| Apr 26, 2007

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Feature Article - April 26, 2007


by JeffGreen

Officials from the Limestone District School Board have made it clear that the facilities review they received last month, which was prepared by a consultant, will only be used by board staff in the preparation of their own facilities review that will eventually be submitted to the Ministry of Education.

The report as presented envisioned dramatic and expensive changes. Among the most dramatic is the proposal to close KCVI, the oldest and best-known school in Kingston.

In the rural areas, projected enrolment decreases and aging facilities led the consultants to conclude that the answer is to close schools and consolidate services by building larger schools.


In rural Lennox and Addington, this would mean closing three schools in Stone Mills and building one new one in Centreville.

In rural Frontenac County, the proposal is remarkably similar to one proposed by the Kingston Frontenac Public Library for its library branches about two years ago - close all the schools and build a JK-12 school in Sharbot Lake.

Ann Goodfellow, who is the northern trustee and the current board chair, said that this proposal will never be acted upon because the Limestone Board is not the kind of board that likes to close schools, and that the impacts on local communities will be taken into account when the final report is submitted to the ministry.

However, if the schools in Mountain Grove, Parham, and Plevna are not going to close, doesn’t that mean Sharbot Lake High School will remain in its current state for the foreseeable future?

There will be no major improvements to the Sharbot Lake School. It has been designated by the province as “prohibitive to repair” because it would cost too much to bring it up the provincial standard for a high school. It will either stay the same, or be torn down and re-built.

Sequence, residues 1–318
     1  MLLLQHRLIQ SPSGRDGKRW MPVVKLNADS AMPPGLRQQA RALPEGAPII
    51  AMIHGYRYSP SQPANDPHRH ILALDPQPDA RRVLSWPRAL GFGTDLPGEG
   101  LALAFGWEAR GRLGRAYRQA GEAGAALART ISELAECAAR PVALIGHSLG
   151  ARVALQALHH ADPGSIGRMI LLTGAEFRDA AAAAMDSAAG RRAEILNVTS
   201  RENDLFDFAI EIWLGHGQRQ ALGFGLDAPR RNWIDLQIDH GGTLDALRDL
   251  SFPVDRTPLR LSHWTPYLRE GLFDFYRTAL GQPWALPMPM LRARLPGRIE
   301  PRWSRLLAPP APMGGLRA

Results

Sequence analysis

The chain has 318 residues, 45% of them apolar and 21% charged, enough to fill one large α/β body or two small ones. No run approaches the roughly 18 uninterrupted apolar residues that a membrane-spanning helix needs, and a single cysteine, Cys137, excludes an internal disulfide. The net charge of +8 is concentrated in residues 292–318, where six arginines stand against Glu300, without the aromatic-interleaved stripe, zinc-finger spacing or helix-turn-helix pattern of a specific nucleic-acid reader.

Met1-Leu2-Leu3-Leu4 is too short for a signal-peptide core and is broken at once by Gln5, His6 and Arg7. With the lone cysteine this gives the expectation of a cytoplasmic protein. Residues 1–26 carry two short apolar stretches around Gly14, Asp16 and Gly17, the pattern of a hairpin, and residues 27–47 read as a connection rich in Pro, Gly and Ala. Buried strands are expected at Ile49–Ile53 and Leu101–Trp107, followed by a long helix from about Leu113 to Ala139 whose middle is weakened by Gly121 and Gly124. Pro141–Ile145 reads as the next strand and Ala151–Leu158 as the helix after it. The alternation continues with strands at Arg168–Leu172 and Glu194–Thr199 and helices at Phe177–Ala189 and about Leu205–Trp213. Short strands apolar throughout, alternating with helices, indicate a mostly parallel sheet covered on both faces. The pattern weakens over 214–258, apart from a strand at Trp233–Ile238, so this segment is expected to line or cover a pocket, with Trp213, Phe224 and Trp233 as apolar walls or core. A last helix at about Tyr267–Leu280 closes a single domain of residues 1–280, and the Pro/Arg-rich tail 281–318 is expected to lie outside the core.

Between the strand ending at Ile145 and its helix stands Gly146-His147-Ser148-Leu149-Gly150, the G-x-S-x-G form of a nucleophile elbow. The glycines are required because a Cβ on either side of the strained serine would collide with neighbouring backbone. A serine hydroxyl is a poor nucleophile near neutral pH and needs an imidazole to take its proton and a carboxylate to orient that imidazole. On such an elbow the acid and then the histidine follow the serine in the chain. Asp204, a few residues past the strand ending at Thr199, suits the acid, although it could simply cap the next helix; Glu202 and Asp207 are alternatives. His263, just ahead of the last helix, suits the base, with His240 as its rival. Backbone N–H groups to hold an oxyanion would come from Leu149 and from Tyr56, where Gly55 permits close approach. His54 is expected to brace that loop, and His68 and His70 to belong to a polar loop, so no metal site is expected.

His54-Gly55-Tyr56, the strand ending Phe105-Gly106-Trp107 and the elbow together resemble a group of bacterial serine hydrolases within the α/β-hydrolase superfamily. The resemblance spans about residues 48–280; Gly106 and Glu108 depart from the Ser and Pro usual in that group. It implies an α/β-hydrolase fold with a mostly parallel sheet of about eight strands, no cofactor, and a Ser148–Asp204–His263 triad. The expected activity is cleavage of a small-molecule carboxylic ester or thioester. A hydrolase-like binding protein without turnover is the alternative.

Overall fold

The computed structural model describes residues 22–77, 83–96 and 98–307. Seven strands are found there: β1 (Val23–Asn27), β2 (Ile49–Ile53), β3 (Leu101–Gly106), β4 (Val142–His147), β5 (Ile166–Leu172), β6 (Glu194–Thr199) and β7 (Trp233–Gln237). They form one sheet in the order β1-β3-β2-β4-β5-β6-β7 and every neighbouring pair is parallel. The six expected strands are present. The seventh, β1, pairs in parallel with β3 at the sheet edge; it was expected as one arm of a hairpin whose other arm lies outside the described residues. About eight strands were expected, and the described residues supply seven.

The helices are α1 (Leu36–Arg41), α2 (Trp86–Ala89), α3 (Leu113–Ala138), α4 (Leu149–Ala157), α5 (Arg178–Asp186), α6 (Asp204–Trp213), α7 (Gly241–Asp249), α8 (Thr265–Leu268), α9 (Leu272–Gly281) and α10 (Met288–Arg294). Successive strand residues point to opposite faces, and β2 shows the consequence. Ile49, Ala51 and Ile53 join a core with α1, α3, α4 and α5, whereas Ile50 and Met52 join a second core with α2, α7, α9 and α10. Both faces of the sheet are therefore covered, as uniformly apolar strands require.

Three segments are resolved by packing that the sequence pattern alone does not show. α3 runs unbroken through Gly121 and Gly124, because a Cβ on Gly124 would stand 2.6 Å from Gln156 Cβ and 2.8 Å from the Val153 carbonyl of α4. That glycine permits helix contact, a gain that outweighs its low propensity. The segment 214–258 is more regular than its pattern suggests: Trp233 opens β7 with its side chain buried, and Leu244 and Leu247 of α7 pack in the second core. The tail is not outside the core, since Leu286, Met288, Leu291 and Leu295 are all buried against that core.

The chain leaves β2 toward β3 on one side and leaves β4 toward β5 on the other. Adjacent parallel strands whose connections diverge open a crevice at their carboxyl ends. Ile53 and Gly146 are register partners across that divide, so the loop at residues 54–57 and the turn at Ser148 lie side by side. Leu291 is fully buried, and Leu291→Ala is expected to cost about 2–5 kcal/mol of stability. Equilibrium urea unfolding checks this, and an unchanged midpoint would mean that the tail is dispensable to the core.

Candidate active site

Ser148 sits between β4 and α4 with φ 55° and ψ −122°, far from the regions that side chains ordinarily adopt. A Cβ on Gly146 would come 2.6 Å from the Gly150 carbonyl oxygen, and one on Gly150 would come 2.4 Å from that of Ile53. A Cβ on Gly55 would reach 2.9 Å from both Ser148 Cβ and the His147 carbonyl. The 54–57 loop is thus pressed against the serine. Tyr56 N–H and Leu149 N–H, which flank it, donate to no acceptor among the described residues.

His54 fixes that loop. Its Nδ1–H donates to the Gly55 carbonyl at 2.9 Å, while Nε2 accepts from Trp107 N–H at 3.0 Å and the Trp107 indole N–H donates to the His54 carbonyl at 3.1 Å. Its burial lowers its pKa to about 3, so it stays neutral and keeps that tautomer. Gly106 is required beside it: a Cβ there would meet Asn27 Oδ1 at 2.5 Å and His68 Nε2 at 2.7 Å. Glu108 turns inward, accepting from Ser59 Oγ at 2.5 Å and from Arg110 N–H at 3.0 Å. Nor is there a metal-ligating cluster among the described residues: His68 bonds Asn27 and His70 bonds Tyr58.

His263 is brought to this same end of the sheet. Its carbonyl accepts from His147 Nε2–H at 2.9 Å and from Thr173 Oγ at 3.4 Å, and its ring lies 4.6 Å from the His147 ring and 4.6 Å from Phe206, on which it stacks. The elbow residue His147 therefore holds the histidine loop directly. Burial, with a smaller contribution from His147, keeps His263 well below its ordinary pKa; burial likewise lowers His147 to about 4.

Parents, students, community members, and it seems, the board and the ministry recognise that the school is out-dated. It has a woefully inadequate gym, wood shop and automotive shop, and the cafeteria doubles as an auditorium and theatre space.

The consultant said that it is not viable to build a new high school, which costs $12 15 million, for a projected enrolment of only 200 students, and the consultant was speaking the language of the Ministry of Education.

With the projected enrolment numbers, the only way that the Ministry of Education would consider building a new high school is to close the other schools and bring all the students into one space.

Even if the Limestone Board submits a final facilities report saying Parham, Hinchinbrooke and Clarendon Central should stay open, and that a new high school should be built in Sharbot Lake, the Ministry of Education is not likely to fund it.

Parents in Central and North Frontenac appear to be euchred. In order to get a new high school for their kids, they might have to sacrifice their perfectly adequate local elementary schools.

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